How I Became a Real Estate Investor on a $58,000 Salary

How I Became a Real Estate Investor on a $58,000 Salary

real estate investor

There is no shortage of personal finance experts touting a frugal lifestyle, but just how far can you get ahead just by skipping your daily latte and living like a college student? For one woman, cutting corners got her far enough to own four homes free and clear.

Saving for the American Dream

Janet Laverty is a 39-year-old marketing professional, wife and mother. She also happens to own millions of dollars of real estate. No, she didn’t inherit any money, and her family isn’t rich — she built her wealth completely from the ground up.

A Canada native who moved to California’s booming Silicon Valley in 2000, Laverty said she struggled financially while living in Canada. “When I moved to the United States, I didn’t have anything,” she said. “I had no credit cards, no family support and no financial partner. I had $8,000 in my pocket. That’s it.” After the move, Laverty started working for an internet company making $58,000 a year. Immediately, she started saving.

For four years, she saved by cutting her living costs down to the bare essentials. She went without cable, shopped at thrift stores and garage sales, and drank water when she went out with friends. She even skipped drinking caffeinated drinks and other beverages because she does “not see the cost benefit of soda or coffee.”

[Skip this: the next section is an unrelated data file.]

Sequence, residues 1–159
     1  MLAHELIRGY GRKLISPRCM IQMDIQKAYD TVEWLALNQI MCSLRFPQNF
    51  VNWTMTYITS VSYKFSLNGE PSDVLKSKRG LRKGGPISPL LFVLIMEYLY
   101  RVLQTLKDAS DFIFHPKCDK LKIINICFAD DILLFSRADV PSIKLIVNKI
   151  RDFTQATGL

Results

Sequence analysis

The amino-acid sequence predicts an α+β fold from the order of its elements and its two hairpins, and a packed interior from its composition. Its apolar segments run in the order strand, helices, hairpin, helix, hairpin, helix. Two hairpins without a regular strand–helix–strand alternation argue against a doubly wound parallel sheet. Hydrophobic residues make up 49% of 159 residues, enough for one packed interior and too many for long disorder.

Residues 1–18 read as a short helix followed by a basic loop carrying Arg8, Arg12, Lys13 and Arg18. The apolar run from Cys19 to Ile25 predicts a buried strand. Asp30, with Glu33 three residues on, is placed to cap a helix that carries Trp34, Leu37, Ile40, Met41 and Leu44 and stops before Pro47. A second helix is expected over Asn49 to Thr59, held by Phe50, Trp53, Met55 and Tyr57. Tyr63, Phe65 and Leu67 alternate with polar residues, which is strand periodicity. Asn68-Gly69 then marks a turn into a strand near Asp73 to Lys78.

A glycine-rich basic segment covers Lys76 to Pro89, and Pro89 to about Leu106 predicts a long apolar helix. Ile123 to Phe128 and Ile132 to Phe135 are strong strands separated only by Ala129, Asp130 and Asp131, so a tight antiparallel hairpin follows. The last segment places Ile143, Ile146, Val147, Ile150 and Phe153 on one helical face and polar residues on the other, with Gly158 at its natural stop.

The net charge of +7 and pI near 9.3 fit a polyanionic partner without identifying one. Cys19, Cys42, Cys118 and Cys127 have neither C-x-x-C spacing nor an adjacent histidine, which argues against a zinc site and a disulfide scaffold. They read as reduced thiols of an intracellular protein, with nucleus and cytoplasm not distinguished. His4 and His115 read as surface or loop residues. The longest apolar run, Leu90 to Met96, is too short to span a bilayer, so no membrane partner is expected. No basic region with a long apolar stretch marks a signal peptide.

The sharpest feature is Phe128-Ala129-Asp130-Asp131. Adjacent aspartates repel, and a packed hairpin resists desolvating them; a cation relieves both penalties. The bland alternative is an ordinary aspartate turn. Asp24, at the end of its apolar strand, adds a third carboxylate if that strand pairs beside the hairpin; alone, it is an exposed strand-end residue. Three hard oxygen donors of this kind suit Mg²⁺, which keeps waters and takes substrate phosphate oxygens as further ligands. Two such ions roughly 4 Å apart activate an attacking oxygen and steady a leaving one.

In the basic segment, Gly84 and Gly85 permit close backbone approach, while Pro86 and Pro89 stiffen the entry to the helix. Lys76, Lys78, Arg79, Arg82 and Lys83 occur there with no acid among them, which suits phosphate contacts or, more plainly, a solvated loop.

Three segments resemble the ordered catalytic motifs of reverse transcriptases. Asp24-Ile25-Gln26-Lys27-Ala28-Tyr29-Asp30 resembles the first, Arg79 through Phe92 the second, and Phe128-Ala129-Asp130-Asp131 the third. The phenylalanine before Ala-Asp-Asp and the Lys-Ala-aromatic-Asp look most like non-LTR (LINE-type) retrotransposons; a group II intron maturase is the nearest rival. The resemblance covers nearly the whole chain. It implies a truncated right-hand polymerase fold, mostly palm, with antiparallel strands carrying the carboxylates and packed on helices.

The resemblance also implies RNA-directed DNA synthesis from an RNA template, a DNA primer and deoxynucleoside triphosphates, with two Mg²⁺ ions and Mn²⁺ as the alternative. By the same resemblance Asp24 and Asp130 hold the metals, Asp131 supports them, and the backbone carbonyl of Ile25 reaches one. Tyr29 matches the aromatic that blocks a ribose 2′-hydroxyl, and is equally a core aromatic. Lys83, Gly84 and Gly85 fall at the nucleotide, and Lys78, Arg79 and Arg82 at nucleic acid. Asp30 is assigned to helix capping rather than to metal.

Laverty lived like this until she was able to purchase a four-bedroom, two-bath home for $672,000 in 2004. Although that price might seem cheap compared to some of the more expensive homes in Silicon Valley you will find today, $672,000 was a hefty price tag during that time.

Also, the home needed a lot of work. “The house was a hot mess,” said Laverty. “It hadn’t been touched since 1970.”

During this time period, Laverty’s income increased to $85,000 a year, and she started a side business to bring in residual income. She continued to save and started putting energy into fixing up her new home.